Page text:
AT&T’s managerial shakeup at its WarnerMedia unit marks one of the first times in recent memory that media industry job cuts aren’t happening at an embattled publisher.
Time Warner, as WarnerMedia used to be known, was finally acquired by AT&T last week after the telecom giant defeated regulatory efforts to kill the deal. But Time Warner already had spun off its magazine division in 2014 as a reborn Time Inc. amid declines in print advertising.
AT&T on Monday announced a plan to break up its Turner unit into parts that other divisions will absorb. The media giant seeks to make the company more competitive as technology and consolidation reshape the entertainment industry.
Time and its rivals in publishing were canaries in the coal mine that had forewarned the broader media industry of the need for a shakeout. Audiences were starting to abandon cable and broadcast TV in the same way they had stopped reading print publications after the internet was commercialized in the mid-1990s.
Last year, Time Inc. felt another sting of restructuring after being acquired by Meredith Corp., publisher of Better Homes & Gardens and Ladies’ Home Journal, for $1.84 billion. Meredith held onto some of Time’s titles, such as People, while seeking to sell Time, Fortune, Money and Sports Illustrated.
The new owner cut 1,200 jobs to streamline operations and sold Time magazine to Marc Benioff, cofounder of Salesforce.com, and his wife Lynne Benioff for $190 million. Fortune was sold to Thai businessman Chatchaval Jiaravanon for $150 million, while Money and Sports Illustrated are still for sale.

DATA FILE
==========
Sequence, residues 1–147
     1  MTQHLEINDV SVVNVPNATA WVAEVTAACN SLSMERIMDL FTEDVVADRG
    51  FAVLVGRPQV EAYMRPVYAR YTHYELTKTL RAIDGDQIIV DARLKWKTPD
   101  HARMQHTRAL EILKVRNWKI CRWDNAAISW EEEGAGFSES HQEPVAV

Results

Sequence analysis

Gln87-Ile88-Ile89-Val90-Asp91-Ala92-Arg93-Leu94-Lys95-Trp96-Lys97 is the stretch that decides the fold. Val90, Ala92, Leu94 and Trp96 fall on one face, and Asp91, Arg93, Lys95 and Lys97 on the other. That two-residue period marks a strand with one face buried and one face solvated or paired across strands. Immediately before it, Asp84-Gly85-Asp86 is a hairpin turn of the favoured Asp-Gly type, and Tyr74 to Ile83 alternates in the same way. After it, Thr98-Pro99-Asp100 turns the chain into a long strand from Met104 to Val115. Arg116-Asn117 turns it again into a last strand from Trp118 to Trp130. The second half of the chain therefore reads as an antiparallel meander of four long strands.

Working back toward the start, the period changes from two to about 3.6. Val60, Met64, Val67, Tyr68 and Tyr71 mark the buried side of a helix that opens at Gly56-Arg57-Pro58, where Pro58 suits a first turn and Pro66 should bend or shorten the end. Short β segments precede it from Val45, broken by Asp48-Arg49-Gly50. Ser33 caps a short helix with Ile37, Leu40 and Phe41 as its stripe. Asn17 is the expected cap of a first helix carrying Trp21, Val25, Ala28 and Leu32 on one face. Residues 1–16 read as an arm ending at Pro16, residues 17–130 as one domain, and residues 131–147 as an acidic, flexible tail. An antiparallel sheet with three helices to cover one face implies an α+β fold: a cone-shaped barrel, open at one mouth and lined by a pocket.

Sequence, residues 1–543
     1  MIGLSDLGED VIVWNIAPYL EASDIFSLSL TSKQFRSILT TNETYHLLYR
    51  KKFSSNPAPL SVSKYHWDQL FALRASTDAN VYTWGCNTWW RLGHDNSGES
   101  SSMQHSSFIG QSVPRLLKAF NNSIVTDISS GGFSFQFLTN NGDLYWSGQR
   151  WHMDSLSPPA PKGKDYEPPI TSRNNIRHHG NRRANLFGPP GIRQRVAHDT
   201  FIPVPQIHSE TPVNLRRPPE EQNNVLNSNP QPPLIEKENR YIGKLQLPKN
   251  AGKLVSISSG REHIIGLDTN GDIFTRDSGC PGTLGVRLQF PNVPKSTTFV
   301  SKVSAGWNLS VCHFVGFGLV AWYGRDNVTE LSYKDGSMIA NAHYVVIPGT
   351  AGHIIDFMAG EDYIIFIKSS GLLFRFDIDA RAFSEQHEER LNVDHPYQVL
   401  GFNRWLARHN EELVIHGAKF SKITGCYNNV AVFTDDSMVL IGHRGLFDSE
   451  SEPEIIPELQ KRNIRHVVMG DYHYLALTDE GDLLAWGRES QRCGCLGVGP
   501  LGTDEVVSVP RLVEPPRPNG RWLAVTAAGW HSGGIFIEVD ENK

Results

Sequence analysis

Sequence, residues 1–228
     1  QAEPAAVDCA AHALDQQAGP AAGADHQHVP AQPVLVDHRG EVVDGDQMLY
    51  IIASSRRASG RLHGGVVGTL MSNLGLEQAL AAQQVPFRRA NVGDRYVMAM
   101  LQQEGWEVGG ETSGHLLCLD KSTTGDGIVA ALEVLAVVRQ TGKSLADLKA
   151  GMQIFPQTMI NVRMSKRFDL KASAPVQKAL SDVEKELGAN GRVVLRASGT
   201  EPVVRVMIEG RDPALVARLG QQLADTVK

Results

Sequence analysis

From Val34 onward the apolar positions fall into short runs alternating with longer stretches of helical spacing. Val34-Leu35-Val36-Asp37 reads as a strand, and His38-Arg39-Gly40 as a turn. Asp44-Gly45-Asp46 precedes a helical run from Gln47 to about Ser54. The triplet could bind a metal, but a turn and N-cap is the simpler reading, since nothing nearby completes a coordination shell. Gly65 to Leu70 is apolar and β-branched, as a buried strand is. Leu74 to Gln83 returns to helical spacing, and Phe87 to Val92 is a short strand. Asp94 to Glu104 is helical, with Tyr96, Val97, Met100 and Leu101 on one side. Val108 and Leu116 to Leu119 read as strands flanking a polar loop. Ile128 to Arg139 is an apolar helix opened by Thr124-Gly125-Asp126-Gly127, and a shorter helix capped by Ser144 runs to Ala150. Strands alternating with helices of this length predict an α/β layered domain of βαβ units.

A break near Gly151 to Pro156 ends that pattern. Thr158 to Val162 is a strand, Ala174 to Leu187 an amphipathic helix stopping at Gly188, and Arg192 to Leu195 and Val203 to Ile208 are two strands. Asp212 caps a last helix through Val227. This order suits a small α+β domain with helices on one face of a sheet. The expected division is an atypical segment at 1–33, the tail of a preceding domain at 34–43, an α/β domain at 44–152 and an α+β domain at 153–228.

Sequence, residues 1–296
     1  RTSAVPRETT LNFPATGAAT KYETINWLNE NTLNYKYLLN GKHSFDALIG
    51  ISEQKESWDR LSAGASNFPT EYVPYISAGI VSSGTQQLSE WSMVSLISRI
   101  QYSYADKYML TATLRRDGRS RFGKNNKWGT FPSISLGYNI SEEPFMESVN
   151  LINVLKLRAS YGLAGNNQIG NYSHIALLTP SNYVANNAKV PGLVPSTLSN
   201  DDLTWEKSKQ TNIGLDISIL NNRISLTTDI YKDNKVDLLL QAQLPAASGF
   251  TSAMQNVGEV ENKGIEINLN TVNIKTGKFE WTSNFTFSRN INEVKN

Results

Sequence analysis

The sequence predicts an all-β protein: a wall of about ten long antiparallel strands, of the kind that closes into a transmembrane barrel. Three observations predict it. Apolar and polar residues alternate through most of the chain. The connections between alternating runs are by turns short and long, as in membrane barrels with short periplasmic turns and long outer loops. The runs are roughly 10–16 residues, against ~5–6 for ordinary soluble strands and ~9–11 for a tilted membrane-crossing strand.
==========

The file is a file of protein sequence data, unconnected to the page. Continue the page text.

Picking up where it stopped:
AT&T and WarnerMedia aren’t out of the woods just yet, given serious competitive challenges in digital media.
The trend of cord-cutting even accelerated last year as more than 3.2 million households canceled their pay-TV subscriptions. Viewers are signing up for streaming services, “skinny bundles” like YouTube TV or spending time on their smartphones.
The rollout of high-speed 5G mobile networks will make watching video on a smartphone even less cumbersome, and AT&T is likely to bundle more programming into its cellular plans to compete rivals Verizon and a possibly merged Sprint and T-Mobile.
I haven't cut the cord from my Verizon FiOS pay-TV subscription because I need to keep an eye on news and entertainment for my job. Aside from the cost of a broadband connection and landline phone, the cable programming portion of my bill adds up to more than $1,500 a year.
If not for professional need, I would likely try to save a few bucks by canceling channels such as CNN, MSNBC, Fox News, CNBC, ESPN and any channel taking up broadband with sports programming that no one in my household watches. (FiOS already saved its subscribers from the trouble of canceling Bloomberg.)
I’ve tried to do my patriotic duty of teaching my teenage kids about football and baseball, but they can’t stand watching sports because they’re “too boring” compared with Snapchat, Instagram and YouTube.
Media executives should worry about these trends among younger audiences, which spend time consuming content, but not necessarily from traditional channels, like print, TV and radio.